Cuba's aging and Alzheimer longitudinal study

Juan De Jesus Llibre-Rodriguez, Adolfo Valhuerdi-Cepero, Ana M. López-Medina, Lisseth Noriega-Fernández, Rutbeskia Porto-Álvarez, Milagros A. Guerra-Hernández, Rodolfo I. Bosch-Bayard, Tania Zayas-Llerena, Elaine Hernandez-Ulloa, Ana L. Rodríguez-Blanco, Enrique Salazar-Pérez, Juan C. Llibre-Guerra, Jorge J. Llibre-Guerra, Beatriz Marcheco-Teruel

Research output: Contribution to journalArticlepeer-review

9 Scopus citations

Abstract

Aging and Alzheimer is a prospective, longitudinal cohort study involving 2944 adults aged ≥65 years from selected areas in Cuba's Havana and Matanzas Provinces. This door-to-door study, which began in 2003, includes periodic assessments of the cohort based on an interview; physical exam; anthropometric measurements; and diagnosis of dementia and its subtypes, other mental disorders, and other chronic non-communicable diseases and their risk factors. Information was gathered on sociodemographic characteristics; disability, dependency and frailty; use of health services; and characteristics of care and caregiver burden. The first assessment also included blood tests: complete blood count, blood glucose, kidney and liver function, lipid profile and ApoE4 genotype (a susceptibility marker). In 2007-2011, the second assessment was done of 2010 study subjects aged ≥65 years who were still alive. The study provides data on prevalence and incidence of dementia and its risk factors, and of related conditions that affect the health of older adults. It also contributes valuable experiences from field work and interactions with older adults and their families. Building on lessons learned, a third assessment to be done in 2016-2018 will incorporate a community intervention strategy to respond to diseases and conditions that predispose to dementia, frailty and dependency in older adults.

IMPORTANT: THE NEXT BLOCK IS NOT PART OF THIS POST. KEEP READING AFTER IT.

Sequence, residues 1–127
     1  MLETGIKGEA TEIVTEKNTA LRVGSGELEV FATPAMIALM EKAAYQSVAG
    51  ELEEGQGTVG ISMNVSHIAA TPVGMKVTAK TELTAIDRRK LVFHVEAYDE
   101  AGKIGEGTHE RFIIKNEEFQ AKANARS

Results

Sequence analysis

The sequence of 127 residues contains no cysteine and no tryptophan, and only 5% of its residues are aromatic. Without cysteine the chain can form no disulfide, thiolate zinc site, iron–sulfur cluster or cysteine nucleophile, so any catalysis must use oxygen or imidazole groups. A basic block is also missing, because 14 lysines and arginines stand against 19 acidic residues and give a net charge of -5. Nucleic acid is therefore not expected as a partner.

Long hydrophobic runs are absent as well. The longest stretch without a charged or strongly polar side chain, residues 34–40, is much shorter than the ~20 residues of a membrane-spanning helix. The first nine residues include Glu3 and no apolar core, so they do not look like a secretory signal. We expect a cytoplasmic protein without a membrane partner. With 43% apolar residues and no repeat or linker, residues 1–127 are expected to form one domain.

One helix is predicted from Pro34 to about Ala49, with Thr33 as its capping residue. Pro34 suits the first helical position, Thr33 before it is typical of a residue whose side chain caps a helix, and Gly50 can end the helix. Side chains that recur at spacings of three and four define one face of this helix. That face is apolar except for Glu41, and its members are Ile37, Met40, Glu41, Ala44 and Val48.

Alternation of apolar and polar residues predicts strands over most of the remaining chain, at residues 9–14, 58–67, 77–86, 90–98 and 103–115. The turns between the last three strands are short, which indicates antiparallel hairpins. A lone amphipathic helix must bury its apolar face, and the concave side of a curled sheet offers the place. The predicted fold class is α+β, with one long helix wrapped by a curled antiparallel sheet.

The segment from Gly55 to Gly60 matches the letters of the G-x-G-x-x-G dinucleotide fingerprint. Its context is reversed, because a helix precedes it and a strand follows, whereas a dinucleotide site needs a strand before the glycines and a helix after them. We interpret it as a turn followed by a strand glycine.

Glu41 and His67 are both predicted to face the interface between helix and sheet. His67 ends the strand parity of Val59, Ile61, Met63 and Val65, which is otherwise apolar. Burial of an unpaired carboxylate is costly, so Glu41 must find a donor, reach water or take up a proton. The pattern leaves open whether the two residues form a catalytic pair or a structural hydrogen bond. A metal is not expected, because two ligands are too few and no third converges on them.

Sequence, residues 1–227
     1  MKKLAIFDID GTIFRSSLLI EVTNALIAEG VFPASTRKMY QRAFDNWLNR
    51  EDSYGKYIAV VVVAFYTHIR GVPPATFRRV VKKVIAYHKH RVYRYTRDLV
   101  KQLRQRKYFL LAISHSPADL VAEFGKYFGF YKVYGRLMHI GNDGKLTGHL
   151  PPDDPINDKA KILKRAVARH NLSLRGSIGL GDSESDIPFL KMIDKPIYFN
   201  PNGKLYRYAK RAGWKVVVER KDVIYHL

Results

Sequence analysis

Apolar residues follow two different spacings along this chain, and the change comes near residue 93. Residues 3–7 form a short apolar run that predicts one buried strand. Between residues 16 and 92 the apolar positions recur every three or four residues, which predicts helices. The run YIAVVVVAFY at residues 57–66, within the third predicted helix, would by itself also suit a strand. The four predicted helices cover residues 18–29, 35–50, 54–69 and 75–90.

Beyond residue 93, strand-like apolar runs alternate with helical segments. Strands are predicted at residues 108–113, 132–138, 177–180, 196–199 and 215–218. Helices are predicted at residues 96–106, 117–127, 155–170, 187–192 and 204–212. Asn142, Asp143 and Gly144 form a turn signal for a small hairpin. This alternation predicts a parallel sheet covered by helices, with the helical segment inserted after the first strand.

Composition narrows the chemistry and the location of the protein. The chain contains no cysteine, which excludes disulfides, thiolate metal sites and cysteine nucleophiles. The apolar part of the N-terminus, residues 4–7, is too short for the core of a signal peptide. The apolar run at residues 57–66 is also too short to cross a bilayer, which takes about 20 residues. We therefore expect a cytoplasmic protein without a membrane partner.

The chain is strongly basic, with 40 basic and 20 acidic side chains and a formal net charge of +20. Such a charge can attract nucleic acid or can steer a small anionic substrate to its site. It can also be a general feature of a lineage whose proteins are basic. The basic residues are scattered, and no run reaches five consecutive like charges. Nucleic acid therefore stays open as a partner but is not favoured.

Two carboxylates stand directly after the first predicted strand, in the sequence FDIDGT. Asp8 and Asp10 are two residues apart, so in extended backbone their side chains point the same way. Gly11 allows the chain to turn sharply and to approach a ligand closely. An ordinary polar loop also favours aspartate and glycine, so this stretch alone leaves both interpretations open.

Original languageEnglish
Pages (from-to)31-35
Number of pages5
JournalMEDICC Review
Volume19
Issue number1
StatePublished - Jan 2017

Keywords

  • Aging
  • Alzheimer disease
  • Chronic disease
  • Chronic illness
  • Cohort studies
  • Cuba
  • Dementia
  • Dependency
  • Frailty

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